Amazingly, this divided country becomes one nation when some external factor comes into play. There is not a Guyanese who would not take offence at another country seeking to lay claim to a sizeable portion of the country. Politically, former President Bharrat Jagdeo is not a fan of President David Granger but they did agree that Guyana’s boundaries should remain as they are.

Word is that they also spoke about social cohesion but not one member of the opposition party turned up to the roundtable. Perhaps it was political gamesmanship but the nation wanted to see that the politicians were keen to have everyone live in peace.

Who could forget the violence that followed every election since 1992 until 2006? People justified attacking each other on the basis of ethnic insecurity. They did not believe the oath about the president ruling on behalf of all the people.

So there is now a coalition that involves people of just about every ethnic persuasion. This should have allowed the voters to see that someone or some group of people was serious about ethnic unity but some things are entrenched and one of them is racial voting.

British High Commissioner, Greg Quinn, reminded the Guyanese people that ethnic unity is possible. In his own Northern Ireland, there was the violent conflict between the Catholics and the Protestants. For more than 100 years these people were at each other’s throats. That is no more although there are still extremists on both sides.

I still remember the violence that rocked the country between 1962 and 1964. Hundreds died simply because they were of a difference race; thousands were left homeless and even more thousands homes and property were destroyed. Guyana does not want a return to those days.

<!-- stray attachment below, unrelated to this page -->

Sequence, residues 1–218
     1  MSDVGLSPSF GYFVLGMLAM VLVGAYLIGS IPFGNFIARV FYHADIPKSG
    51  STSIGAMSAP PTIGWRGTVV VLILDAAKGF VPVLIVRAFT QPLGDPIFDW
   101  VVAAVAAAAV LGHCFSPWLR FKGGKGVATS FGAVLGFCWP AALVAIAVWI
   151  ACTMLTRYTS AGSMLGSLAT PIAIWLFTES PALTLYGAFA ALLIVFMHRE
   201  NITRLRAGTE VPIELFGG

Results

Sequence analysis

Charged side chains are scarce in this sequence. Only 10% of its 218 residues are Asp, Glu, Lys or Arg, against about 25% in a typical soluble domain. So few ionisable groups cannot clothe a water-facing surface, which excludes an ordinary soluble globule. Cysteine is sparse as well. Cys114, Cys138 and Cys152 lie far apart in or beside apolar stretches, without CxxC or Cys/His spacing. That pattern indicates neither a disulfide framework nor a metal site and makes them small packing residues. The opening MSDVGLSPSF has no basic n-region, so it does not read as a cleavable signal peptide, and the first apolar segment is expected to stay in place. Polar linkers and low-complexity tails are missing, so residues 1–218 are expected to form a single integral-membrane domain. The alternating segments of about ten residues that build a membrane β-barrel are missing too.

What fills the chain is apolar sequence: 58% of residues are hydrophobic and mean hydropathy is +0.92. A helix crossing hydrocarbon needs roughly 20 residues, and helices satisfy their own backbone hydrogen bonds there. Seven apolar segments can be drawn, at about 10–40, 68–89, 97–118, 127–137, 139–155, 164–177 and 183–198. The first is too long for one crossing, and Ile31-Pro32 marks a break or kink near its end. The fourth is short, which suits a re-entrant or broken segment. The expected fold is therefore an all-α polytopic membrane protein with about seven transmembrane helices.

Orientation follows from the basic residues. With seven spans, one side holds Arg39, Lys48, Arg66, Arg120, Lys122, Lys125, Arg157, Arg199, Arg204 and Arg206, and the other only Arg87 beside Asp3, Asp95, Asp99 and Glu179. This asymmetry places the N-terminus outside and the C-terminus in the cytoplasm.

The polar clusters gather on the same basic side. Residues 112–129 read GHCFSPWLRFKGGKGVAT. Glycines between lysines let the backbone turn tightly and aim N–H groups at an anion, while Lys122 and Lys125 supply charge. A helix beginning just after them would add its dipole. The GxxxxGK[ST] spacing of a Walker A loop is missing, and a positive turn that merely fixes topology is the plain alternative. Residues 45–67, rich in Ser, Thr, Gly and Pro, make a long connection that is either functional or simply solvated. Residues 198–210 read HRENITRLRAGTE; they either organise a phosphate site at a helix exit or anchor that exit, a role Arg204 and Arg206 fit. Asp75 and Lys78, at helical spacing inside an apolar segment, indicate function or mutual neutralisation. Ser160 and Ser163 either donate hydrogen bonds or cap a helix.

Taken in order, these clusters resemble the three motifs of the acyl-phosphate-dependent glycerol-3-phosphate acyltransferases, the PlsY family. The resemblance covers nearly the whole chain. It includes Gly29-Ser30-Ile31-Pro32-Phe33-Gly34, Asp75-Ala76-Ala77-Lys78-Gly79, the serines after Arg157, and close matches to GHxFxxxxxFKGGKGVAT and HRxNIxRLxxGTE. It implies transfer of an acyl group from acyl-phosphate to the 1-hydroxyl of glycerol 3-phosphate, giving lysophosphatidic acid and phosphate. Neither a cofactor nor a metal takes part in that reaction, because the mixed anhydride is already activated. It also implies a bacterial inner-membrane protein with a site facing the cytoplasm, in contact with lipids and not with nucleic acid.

That makes this roundtable so worthwhile.

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  • Gigi  On 09/10/2015 at 5:42 pm

    If the current ABC imposed APNU govt was interested in ethnic cohesion, its political campaigning should have reflected that. It did not. It was purely race based. Its ongoing treatment of the Indians of its AFC coalition partnership also exposes it race based policies. Hence the people who supported and continue to support this ABC imposed APNU govt are only interested in demanding and promoting what they supported – RACE BASED POLITICS. PPP supporters are not desirous of having to listen to and participate in this clumsy display of doublespeak.

    Our only interest and desire at this point is to build our very own independent country govern by a PPP government. The only social cohesion we would then be interested in will be that of amicable neighborly pursuits once we have established our independent country. So no, we are not supportive of the PPP govt pursuing social cohesion with APNU et al.

    “British High Commissioner, Greg Quinn, reminded the Guyanese people that ethnic unity is possible. In his own Northern Ireland, there was the violent conflict between the Catholics and the Protestants. For more than 100 years these people were at each other’s throats. That is no more although there are still extremists on both sides.”

    Mr Quinn, correct me if I’m wrong but isn’t the Republic of Ireland independent of the break-away region of Northern Ireland/UK and remains so to this day? So, where is the unity you speak of? These are two separate countries. The unity they share is that both are part of the EU and have a cordial relationship. What I do find fascinating is that British natives do like to proudly identify as having some Irish in them. Must be that proud and independent Irish spirit they couldn’t break; plus their good looks and fascinating culture. Hmmm…yes, I do see a similar pattern with the non-PPPites clawing desperately to cling to the PPP identity. We’re not interested!